Remembering Banda Diva Jenni Rivera
To listen to Mandalit del Barco's appreciation of Jenni Rivera's life and career, as heard on All Things Considered, click the audio link.
Mexican-American singer Jenni Rivera died Sunday in an airplane that crashed in the early hours of the morning in Toluca, west of Mexico's capital. The legendary musician, household name and feminist presence in the Latin music scene was 43.
In her song "The Ovaries," Rivera ends with the phrase, "The ovaries I carry ... they are big ones!" It might sound crass, but in a culture in which we continue to grapple with sexism, where the pathology of machismo permeates the very language (insults in Spanish often involve comparisons to or violence against women; braggadocio orbits around huevos — a man's genitalia), Rivera was a lyrical guerrilla fighter.
In a phone call, Latin culture writer Ernesto Lechner told me Rivera was subversive to the core, pointing to her song "De Contrabando." "She refuses to be the subservient lover," Lechner said. "She's hitting on the guy. She's the player; she's making the moves." Sample lyrics: "Sorry if I'm too forward, but I've liked you for a while now, and even though I know you are with someone, we could be discreet and see each other once in a while."
Latin music has lost a powerful vocalist; Latin women lost a powerful feminist icon, a survivor and advocate. Rivera became pregnant with her first child at 15 and suffered brutal domestic violence at the hands of her teenage sweetheart, Trinidad Marin. In an interlude on her 2007 album, Mi Vida Loca, Rivera says: "I lived it. I suffered it. I endured it. And I got tired of it. In the end, I sent him to jail." (In 2007 Marin was sentenced to 31 years in prison for the molestation of Rivera's at-the-time-underage daughter and sister.) The experience led her to become a spokeswoman for the National Coalition Against Battered Women and Domestic Violence in Los Angeles. And while she is certainly not the first female or Latin musician to reappropriate sexist idioms and take a stance against female oppression, she was an unparalleled female star in the male dominated banda universe.
No doubt comparisons will be drawn to another female Mexican music icon gone before her time — Selena. But I see as many, if not more, parallels with legendary Mexican singer Paquita la del Barrio, who also emerged from teen pregnancy and abuse with songs about survival, empowerment and, yes, romantic love. And in a world in which female entertainers are oversexualized to sell records, Rivera never stopped being pure class: She embraced her curvaceous body but always remained "La Diva de la Banda." Fans adored her.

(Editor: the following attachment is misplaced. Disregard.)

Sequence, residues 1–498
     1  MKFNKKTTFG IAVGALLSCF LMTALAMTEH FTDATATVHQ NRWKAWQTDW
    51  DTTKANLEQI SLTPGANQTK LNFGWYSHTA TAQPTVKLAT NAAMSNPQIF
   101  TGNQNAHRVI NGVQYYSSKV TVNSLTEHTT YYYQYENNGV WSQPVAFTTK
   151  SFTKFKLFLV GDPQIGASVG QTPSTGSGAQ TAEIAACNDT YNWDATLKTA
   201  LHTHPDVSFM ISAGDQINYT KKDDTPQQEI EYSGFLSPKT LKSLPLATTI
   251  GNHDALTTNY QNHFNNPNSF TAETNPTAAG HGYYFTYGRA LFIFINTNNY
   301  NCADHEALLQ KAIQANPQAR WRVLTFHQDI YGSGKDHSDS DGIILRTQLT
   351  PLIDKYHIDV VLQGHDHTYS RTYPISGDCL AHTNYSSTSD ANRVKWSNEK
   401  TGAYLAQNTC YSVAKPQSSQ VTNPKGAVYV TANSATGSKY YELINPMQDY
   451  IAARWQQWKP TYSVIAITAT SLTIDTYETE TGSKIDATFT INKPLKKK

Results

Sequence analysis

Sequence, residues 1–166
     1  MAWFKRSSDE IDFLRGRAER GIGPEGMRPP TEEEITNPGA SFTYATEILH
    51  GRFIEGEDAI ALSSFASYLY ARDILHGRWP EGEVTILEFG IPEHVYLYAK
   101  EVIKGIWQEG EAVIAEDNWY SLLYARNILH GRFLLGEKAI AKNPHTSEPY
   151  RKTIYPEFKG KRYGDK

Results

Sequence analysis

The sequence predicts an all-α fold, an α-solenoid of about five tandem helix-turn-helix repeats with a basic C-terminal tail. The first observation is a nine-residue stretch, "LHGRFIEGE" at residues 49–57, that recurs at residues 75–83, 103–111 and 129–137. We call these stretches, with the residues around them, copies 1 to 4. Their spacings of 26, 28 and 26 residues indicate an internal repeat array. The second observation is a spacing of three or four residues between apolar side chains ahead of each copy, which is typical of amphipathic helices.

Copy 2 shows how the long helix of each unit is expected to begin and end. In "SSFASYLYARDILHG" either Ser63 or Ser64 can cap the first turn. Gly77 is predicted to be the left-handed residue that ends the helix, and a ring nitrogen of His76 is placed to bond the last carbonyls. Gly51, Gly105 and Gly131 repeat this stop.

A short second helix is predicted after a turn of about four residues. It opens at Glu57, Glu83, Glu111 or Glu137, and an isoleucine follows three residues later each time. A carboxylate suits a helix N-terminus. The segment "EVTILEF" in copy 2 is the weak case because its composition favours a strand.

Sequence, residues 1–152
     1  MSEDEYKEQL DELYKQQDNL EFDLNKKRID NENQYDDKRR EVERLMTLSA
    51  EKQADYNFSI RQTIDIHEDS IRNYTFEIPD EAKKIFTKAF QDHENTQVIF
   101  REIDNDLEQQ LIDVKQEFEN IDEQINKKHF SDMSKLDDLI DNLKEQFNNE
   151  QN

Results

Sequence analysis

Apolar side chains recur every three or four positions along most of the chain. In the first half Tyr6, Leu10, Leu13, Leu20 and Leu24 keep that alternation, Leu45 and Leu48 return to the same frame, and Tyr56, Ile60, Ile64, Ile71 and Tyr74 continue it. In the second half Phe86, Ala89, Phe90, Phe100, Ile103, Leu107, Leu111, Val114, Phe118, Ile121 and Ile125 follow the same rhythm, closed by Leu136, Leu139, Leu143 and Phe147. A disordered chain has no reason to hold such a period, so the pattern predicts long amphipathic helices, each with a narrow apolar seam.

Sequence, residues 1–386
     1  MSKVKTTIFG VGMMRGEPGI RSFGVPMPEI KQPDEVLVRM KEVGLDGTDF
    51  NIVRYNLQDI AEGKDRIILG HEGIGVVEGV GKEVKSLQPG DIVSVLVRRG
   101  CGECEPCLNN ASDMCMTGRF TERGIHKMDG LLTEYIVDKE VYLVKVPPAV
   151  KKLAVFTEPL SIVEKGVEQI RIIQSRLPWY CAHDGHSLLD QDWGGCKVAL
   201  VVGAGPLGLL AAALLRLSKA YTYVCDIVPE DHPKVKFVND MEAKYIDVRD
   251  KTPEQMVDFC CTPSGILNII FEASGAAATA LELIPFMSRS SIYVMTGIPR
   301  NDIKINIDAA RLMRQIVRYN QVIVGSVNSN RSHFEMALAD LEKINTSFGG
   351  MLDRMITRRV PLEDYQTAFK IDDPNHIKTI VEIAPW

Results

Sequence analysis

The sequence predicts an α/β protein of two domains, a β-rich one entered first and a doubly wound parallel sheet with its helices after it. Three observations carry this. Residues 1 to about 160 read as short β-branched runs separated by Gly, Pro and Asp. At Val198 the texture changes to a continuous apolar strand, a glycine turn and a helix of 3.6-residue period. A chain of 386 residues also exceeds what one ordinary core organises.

Mandalit del Barco reported Monday that fans in Los Angeles have been paying tribute (hear her story at the audio link). Vernice Cornejo, 26, was among those who stopped to pay their respects and sing their favorite Jenni Rivera songs. Cornejo said besides celebrating hard-drinking women who are loud and proud, Rivera was a role model for Latinas in other ways. "We go through a lot of physical abuse, mental abuse, and she said she herself went through it," Cornejo told del Barco. "She tried hard to make us look good."
The daughter of Mexican immigrants who created a musical dynasty from scratch, Rivera achieved fame as a banda musician (a regional Mexican style with brass instrumentation as a centerpiece). She was enormously successful: According to Billboard she sold 15 million records, and she had multiple Latin Grammy nominations, proving that female banda fans yearned for a woman's perspective.
Rivera was also a boundary pusher — she not only explored themes of empowered women but also successfully delved into pop, narco-corridos (Mexican drug ballads) and love songs. She recently crossed over into new audiences with her reality show I Love Jenni on Mun2, which portrayed her life as a music star, a mother and a grandmother. She was also a judge on Mexico's version of The Voice and had recently signed a deal with ABC to star in her own scripted television show.
Rivera's "Cuando Muere Una Dama" ("When A Lady Dies"), released years ago, eerily requests that her fans, friends and family celebrate, rather than mourn, her death — because, she clarifies, she had a very good life: "I was a strong guerrilla fighter, who for her children fought. ... The people's daughter is gone, the woman with the big balls. ... Don't miss me bosses, your rebel daughter lives on forever."
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